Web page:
- The Middle East and Africa cold chain market will expand by 7.4% to $35.1 Billion by 2028.
- Over one third of food from Africa is lost to spoilage or wastage partly due to poor storage capacity.
- Studies show that leading cause of food wastage is spoilage due to lack of cold storage systems.
The demand for cold storage supply chain products in Africa is rapidly growing. The segment has been tipped as critical in solving the food insecurity crisis ravaging the continent of 1.4 billion people. Rise of cold storage systems is also attributable to growing demand from consumers as Africa’s urbanization and modernization intensifies.
According to Market Data Forecast, the size of the Middle East and Africa (MEA) cold chain market will expand at a CAGR of 7.4 per cent to $35.1 billion by 2028 from 23.8B of 2022. The bellwether for this trajectory has been the rapid emergence of cold chain technology startups across the continent that a sealing a yawning gap.
Africa’s cold chain ecosystem
In light of this, the Nigerian start-up Figorr recently secured $1.5 million in seed funding. The startup develops Internet of Things (IoT) powered solutions to complement last-mile delivery of perishable goods. This aids in eradicating losses associated with transportation and storage of temperature-sensitive and perishable goods in Africa.
Hitherto, the West African startup has raised $1.7 million in equity funding, and $275,000 in grants from various entities such as the Africa Business Heroes by Jack Ma Foundation, Google Black Founders Fund, FbStart and Lafiya Innovators by Impact Hub.
Overall, technology hubs Kenya, South Africa, Ghana, Nigeria, Morocco, Egypt and Rwanda are leading Africa’s cold chain supply market.
The cold storage landscape in Africa has been changing over recent years. The demand for viable cold chain storage, packaging and transportation solutions has been increasing exponentially. The need for effective and efficient cold supply chain was particularly more evident at the height of Covid-19 pandemic as government stepped out to vaccinate the populations.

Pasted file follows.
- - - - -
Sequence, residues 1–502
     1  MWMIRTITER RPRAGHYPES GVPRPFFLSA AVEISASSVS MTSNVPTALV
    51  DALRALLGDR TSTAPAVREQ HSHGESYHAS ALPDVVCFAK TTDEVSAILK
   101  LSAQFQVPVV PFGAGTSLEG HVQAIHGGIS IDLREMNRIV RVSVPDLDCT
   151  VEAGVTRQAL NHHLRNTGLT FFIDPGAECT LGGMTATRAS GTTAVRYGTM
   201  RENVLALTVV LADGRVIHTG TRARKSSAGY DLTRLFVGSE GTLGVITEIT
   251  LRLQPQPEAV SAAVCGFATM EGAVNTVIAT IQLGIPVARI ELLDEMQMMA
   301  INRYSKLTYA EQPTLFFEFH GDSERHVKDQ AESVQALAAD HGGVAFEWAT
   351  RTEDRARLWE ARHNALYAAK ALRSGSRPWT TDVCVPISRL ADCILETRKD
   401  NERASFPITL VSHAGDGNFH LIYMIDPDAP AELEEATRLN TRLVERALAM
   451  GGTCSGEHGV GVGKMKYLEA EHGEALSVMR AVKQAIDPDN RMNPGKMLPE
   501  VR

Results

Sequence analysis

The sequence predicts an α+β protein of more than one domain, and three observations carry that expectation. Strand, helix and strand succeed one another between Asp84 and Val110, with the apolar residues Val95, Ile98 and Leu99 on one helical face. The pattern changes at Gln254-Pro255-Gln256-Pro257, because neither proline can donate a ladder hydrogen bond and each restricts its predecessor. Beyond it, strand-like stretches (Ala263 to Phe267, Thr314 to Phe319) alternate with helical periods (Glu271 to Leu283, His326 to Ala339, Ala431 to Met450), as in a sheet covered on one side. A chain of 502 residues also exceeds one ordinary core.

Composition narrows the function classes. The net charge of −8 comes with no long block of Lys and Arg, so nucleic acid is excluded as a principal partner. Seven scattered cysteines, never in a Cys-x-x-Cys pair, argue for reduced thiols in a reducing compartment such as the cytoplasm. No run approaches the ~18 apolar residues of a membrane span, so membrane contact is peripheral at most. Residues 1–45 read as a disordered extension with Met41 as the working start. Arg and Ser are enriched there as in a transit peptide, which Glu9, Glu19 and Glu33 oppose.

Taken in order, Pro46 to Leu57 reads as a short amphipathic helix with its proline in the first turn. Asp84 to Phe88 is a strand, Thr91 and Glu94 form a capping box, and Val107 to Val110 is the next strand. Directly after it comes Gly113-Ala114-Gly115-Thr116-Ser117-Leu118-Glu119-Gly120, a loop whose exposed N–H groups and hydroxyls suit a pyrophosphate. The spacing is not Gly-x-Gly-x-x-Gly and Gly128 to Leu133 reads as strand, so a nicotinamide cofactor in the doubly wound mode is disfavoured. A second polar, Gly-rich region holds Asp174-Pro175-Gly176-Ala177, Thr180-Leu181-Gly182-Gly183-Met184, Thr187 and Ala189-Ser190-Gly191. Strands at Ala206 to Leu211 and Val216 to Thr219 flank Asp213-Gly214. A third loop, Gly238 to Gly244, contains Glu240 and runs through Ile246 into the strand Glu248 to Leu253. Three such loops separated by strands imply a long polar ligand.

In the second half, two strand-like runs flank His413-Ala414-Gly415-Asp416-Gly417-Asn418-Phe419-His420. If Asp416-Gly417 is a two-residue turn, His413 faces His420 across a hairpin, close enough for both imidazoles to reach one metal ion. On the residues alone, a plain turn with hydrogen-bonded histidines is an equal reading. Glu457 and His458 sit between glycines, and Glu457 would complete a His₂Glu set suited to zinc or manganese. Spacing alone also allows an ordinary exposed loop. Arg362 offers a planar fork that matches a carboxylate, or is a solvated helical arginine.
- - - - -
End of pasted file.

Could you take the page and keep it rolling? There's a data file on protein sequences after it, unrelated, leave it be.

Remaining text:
The case for proper cold chain systems
Vaccine storage and the last mile distribution became a hurdle in many parts of Africa. Several countries were unable to administer the life-saving Covid-19 vaccines to their citizens. Inarguably, vaccines require meticulous care, they need to be stored and distributed at extremely low temperatures. This calls for proper cold chain storage and handling, coupled with good distribution across the supply chain to maintain their quality, effectiveness and potency.
Furthermore, this has been fueled by the rampant post-harvest losses that derail the achievement of Africa’s food security. According to the UN Africa holds 65 percent of the world’s total arable land. The food and agriculture industry contributes up to 35 % of the continent’s GDP, and employs about half of its people. Both agricultural produce and distribution of medical supplies is heavily affected by the lack of proper cold storage facilities.
African farmers encounter a plethora of challenges such as lack of access to electricity and poor infrastructure. Above all, they face a mammoth challenge when it comes to storage of their crops, pertinently temperature sensitive products.
Consequently, this leads to loss of harvests and the leftovers are not sold at optimal prices. This then underscores the importance of cold storage solutions, which help to extend the shelf life of fresh produce, as they are vulnerable to spoilage. It’s a mandatory requirement for temperature sensitive products such as food and medicine, to be stored in consistent temperatures throughout the supply chain to prevent wastage.